Skip to main content
opinion

Since last weekend, Saudi Arabia has done its best to punish Canada for having the temerity to criticize its awful human-rights practices.

The Islamic Kingdom has ordered home the many Saudi students studying in this country, which stands to cost teaching hospitals nearly 800 doctors-in-training and force universities to do without high foreign tuition fees. It has vowed to freeze all new trade and reportedly ordered its asset managers to unload Canadian stocks and bonds. It has cancelled flights to and from here, ordered Canada’s ambassador to leave and recalled its ambassador to Ottawa.

No doubt this is more than Foreign Affairs Minister Chrystia Freeland and her department bargained for when they tweeted calls for recently-jailed women’s rights activists – including one with strong ties to Canada – to be released.

But that does not mean that Ms. Freeland, let alone Prime Minister Justin Trudeau, should go running to Riyadh to make amends – as former foreign minister John Baird, among others, has suggested.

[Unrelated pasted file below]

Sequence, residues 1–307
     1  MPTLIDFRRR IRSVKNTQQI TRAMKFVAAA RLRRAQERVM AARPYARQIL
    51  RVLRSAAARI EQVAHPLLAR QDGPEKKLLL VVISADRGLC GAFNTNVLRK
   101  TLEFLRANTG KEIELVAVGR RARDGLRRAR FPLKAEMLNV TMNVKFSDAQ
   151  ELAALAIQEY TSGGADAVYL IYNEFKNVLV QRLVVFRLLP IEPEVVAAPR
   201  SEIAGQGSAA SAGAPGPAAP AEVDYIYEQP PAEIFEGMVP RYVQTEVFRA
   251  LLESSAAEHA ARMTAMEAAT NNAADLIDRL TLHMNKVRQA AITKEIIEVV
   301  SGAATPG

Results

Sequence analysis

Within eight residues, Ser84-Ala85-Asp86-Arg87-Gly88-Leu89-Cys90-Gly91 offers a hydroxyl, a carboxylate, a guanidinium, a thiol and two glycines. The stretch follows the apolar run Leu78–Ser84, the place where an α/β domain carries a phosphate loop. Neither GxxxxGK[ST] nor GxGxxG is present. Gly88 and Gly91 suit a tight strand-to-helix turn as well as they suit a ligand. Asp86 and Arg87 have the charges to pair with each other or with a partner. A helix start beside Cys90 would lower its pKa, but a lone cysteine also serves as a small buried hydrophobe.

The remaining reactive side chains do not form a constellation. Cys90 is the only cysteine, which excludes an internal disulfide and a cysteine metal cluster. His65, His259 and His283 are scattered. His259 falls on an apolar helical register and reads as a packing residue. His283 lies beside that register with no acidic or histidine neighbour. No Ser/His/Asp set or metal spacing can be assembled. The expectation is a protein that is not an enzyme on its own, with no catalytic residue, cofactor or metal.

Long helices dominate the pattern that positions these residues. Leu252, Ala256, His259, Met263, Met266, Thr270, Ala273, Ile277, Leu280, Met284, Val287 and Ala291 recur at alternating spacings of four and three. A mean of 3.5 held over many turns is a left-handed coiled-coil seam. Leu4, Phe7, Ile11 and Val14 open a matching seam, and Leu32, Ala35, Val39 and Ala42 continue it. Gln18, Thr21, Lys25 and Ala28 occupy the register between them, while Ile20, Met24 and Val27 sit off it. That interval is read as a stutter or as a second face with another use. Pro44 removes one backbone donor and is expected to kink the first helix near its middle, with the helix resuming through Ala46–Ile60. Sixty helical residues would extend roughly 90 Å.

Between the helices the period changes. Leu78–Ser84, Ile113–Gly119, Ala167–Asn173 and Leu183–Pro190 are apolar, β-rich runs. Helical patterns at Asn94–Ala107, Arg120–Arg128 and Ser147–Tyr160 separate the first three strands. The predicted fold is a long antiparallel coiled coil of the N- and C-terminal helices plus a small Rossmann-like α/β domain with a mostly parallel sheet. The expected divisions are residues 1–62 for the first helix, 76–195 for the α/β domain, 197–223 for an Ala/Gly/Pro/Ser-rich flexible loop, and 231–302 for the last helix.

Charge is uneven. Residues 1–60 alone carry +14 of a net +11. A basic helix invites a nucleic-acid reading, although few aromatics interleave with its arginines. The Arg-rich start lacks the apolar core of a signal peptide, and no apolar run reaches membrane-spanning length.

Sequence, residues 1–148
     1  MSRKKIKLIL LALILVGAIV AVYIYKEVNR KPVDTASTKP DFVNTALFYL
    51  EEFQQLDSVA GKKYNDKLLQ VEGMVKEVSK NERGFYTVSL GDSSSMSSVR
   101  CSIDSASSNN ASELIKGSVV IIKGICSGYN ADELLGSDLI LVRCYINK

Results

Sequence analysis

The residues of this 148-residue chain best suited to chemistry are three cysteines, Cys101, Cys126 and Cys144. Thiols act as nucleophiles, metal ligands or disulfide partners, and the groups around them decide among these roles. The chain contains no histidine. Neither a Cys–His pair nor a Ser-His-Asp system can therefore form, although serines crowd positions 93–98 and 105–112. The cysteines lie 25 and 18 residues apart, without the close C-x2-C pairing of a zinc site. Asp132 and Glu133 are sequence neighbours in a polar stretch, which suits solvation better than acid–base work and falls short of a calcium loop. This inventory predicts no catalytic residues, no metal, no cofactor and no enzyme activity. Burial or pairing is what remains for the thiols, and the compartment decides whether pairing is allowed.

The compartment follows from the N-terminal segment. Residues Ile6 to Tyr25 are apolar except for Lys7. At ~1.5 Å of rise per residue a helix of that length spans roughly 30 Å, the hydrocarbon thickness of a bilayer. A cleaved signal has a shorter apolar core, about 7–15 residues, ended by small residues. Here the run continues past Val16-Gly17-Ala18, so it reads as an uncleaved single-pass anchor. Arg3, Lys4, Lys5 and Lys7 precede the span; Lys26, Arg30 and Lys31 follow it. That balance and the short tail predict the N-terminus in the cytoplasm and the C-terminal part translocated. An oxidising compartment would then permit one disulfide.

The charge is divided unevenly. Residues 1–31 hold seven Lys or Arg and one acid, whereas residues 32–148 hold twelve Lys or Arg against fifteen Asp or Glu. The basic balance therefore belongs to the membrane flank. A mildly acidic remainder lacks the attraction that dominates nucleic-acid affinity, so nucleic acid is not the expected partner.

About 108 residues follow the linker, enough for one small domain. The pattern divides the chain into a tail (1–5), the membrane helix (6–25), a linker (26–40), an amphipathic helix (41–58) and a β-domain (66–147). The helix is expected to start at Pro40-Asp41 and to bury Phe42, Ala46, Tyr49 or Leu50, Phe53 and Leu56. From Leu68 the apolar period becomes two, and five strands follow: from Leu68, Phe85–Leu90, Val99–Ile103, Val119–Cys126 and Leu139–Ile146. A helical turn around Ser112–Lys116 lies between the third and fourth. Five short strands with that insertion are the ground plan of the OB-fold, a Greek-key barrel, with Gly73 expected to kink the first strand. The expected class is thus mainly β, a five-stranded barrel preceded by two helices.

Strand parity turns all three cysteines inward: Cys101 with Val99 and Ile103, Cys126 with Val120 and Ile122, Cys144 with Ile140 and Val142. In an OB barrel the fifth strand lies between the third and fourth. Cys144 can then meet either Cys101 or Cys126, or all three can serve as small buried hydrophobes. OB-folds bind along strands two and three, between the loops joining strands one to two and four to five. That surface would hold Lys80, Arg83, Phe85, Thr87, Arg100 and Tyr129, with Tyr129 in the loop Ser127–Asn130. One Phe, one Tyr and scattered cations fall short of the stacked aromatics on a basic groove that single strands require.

The position Ms. Freeland took – that women should not be arrested for campaigning for basic freedoms, such as the ability to move unaccompanied by a male guardian – is uncontroversial from a Canadian perspective. To grovellingly retract it in the face of petulant pushback would send a terrible signal about this country’s values.

It would also display the sort of weakness that the Saudis are counting on. Crown Prince Mohammed bin Salman plainly sees Canada as an easy target, as he seeks to assert himself both domestically and internationally, at a time when the United States is led by a President unwilling to take our side. Meekly backing down would prove him right.

Attempting to maintain lines of communication through back channels is advisable; with time, the Saudis might calm down.

In the meanwhile, Canada should consider the nature of this relationship – and not just with regard to the continuing sale of armoured vehicles, allegedly used by the Saudis against civilians. Just how much do we want our hospitals and schools to depend on the largesse of one of the world’s most oppressive regimes, which can be withdrawn without notice if we refuse to ignore what happens within its borders?